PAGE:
The Single Diner's Dilemma
|Over chips and guacamole at a favorite Mexican restaurant in Manhattan earlier this week, my friend took a moment to rant when I inquired about her dinner out with some of our married friends.|
"I cannot believe I paid $80 for a meal last night when all I ate was a $14 appetizer with two glasses of wine," said the 32 year old single New Yorker.
Whether watching one's spending, alcohol intake or keeping a close count on calories, dining out en masse can push a single person to break their budget every time. Ever wonder why lightweights get penalized when pulling out their purses at the end of a good meal even if they abstained from drinking, dessert and so much more?
According to a study published two years ago in the Economic Journal, titled "The Inefficiency of Splitting the Bill," the authoring economists observed what they called "the unscrupulous diner's dilemma." The research suggests that a person's consumption will be smaller when the payment for the meal is calculated by each individual's order and larger when they know in advance that the bill will be split evenly amongst the diners.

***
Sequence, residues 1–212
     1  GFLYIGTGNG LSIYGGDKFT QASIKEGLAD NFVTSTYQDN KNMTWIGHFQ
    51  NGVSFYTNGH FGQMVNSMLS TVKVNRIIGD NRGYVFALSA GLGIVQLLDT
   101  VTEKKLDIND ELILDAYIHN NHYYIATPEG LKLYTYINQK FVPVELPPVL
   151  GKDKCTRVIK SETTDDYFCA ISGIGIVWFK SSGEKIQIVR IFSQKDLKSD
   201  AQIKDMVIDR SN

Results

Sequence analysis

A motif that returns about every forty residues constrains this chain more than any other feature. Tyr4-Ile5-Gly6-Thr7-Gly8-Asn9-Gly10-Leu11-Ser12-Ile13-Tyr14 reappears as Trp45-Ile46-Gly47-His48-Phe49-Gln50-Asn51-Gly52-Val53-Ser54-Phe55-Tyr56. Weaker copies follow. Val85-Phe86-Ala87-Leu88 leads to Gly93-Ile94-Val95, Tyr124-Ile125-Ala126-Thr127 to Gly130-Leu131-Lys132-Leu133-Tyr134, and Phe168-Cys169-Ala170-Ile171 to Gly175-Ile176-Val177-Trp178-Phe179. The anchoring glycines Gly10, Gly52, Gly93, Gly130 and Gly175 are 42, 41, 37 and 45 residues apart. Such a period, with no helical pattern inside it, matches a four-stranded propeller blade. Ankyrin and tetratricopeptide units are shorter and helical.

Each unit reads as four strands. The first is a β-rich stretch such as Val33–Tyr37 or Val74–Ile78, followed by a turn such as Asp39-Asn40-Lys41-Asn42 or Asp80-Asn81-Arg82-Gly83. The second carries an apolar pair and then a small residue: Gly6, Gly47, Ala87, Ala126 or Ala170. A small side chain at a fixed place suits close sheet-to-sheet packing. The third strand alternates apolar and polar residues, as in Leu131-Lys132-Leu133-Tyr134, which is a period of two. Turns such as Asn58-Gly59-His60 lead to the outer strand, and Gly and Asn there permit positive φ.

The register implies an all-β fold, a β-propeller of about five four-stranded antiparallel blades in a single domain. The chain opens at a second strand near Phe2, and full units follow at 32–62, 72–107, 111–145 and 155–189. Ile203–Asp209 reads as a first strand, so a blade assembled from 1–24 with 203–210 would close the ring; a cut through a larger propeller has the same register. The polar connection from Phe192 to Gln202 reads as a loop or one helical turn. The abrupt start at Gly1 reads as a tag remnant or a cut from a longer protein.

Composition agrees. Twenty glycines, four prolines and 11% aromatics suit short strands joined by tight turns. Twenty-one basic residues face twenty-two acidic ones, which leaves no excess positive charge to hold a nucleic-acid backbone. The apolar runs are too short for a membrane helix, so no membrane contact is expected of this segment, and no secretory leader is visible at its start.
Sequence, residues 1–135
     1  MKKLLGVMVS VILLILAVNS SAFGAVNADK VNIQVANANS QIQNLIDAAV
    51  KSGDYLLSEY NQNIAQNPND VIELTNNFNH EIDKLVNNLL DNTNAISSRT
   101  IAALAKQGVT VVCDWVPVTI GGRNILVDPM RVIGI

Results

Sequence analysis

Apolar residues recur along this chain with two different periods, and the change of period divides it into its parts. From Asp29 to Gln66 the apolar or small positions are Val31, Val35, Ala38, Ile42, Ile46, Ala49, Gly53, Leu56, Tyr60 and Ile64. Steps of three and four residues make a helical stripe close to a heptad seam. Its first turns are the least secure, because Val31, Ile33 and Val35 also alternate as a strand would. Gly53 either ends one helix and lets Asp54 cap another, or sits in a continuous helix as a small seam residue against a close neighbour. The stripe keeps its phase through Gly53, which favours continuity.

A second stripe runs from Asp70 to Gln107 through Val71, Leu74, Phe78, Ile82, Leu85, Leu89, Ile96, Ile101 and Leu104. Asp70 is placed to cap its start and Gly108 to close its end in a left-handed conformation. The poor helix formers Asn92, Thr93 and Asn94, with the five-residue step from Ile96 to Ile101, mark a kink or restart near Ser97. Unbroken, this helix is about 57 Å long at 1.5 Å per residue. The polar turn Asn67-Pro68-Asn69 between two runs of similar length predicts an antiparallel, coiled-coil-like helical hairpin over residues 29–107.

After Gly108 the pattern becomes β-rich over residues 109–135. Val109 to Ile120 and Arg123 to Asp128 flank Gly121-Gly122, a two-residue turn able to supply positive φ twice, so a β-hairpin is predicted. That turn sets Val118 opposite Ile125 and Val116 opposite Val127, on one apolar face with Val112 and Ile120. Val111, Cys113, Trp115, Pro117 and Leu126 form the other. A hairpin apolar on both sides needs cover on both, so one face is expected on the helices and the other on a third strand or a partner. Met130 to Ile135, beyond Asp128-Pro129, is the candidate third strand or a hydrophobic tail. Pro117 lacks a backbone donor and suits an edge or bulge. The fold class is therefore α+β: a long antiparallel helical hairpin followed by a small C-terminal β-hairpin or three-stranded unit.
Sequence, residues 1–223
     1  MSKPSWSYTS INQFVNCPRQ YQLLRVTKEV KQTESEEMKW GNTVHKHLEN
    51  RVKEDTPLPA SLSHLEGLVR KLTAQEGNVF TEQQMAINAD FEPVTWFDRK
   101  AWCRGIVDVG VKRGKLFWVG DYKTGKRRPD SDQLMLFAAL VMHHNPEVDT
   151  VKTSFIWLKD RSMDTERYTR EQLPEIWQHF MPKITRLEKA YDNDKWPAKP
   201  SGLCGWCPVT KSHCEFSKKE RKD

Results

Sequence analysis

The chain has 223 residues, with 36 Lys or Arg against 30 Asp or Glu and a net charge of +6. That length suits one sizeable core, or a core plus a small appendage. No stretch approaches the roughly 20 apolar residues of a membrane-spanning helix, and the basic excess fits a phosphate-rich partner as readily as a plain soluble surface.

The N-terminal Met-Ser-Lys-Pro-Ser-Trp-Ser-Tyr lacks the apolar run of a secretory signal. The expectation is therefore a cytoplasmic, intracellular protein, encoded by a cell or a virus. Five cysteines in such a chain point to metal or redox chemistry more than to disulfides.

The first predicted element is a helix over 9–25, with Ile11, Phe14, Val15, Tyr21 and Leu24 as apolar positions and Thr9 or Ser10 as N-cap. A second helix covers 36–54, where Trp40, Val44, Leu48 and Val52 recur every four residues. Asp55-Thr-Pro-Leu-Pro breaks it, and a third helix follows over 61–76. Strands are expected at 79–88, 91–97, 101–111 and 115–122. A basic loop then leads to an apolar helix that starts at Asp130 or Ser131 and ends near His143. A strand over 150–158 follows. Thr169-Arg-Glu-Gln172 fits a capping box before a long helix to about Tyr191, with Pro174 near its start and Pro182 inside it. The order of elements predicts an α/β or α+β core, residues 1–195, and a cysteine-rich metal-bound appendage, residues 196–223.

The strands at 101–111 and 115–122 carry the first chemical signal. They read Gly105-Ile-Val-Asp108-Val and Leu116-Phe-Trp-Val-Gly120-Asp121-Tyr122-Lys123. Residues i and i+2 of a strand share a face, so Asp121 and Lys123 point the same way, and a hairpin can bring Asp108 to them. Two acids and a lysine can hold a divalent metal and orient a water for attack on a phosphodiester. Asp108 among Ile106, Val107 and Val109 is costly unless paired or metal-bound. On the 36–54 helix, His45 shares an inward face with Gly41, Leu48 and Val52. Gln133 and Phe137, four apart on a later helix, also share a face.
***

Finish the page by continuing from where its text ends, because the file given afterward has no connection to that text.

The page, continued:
It's upsetting when co-diners have no problem passing the buck to you, especially when those across the table are some of your very best companions. So do you speak up and risk insulting fellow diners? Or do you cough up the cash and leave with a bad aftertaste? Here are some tips we received from the singles we interviewed:
1. Recruit an Advocate: Enlist the help of a close friend before the meal who can speak up on your behalf, says Ken from NYC. Having someone else point out an inequitable distribution will make others sensitive to the situation without putting the burden on you.
2. Join in the After Party: "Agree to meet for after dinner cocktails" says Mike from Brooklyn. When you show up at the tailend of a dinner, it's easy to pay the server on the spot with cash so you don't get sucked for another buck!
3. Excuse Yourself: I hand over my portion' in cash then head straight to the bathroom. It works like a charm everytime, says Will from NYC.
4. Appoint a Secretary: When dining out with couples, my single friends make sure that one of us takes charge of divvying up the bill based on consumption so we are not charged unfairly.
5. Make Pre-arrangements: Call the restaurant in advance or discretely ask the server for individual bills upon arrival, says Liz. Most places do not see this as a difficult request just as long as everyone pays the proper gratuity.